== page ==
The International Chamber of Shipping said the maritime industry shouldn’t have to pay more than its share of the cost of reducing carbon dioxide emissions blamed for global warming.
ICS Chairman Masamichi Morooka responded to Christine Lagarde, managing director of the International Monetary Fund, who said last month that “charges on international aviation and maritime emissions would raise about a quarter of the $100 billion needed for climate adaptation and mitigation in developing countries.”
“Most shipowners believe, given the severely depressed state of global shipping markets, that now is certainly not the time to impose an additional major cost on international shipping,” Morooka said in a letter to Lagarde.
He said shipowners are willing to pay their share of costs, “provided that such money is indeed used for climate change adaptation or mitigation,” and that the same charges apply to all ships internationally regardless of flag.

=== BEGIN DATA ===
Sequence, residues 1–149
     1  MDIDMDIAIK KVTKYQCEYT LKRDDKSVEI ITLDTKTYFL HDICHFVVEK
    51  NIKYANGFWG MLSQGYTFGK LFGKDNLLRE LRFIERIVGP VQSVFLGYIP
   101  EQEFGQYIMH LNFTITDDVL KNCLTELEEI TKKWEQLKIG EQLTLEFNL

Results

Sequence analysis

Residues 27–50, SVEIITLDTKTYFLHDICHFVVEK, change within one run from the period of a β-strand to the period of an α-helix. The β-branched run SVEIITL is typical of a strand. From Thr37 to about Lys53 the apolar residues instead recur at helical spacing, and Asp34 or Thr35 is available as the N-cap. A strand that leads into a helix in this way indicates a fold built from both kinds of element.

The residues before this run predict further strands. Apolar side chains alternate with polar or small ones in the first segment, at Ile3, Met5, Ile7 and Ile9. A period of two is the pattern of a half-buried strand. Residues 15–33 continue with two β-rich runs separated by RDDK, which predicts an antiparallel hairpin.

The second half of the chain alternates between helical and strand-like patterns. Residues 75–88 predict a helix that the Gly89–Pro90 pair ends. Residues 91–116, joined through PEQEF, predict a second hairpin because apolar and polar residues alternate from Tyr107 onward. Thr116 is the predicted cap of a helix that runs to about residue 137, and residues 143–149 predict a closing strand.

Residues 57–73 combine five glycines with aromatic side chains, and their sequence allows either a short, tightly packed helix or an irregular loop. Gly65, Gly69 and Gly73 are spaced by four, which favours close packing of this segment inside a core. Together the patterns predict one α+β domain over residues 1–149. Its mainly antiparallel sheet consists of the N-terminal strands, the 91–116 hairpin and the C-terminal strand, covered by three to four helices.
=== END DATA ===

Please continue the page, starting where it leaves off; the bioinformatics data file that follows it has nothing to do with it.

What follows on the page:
Morooka added that any contribution by shipping should be proportionate to its 3 percent share of global emissions, and that the International Maritime Organization should be the proper forum for discussion of any fees.
He noted that two-thirds of the world’s merchant fleet is registered in nations not covered by Annex 1 of the Kyoto climate-change protocol.
“If any carbon charges were only to apply to ships registered in Kyoto Protocol ‘Annex 1’ nations, these ships would be at a major competitive disadvantage to the ships registered in ‘non-Annex 1’ nations,” Morooka said. “Because of the serious market distortion that would be created, many of these ships would simply change their flag to a jurisdiction where the carbon charge did not apply.”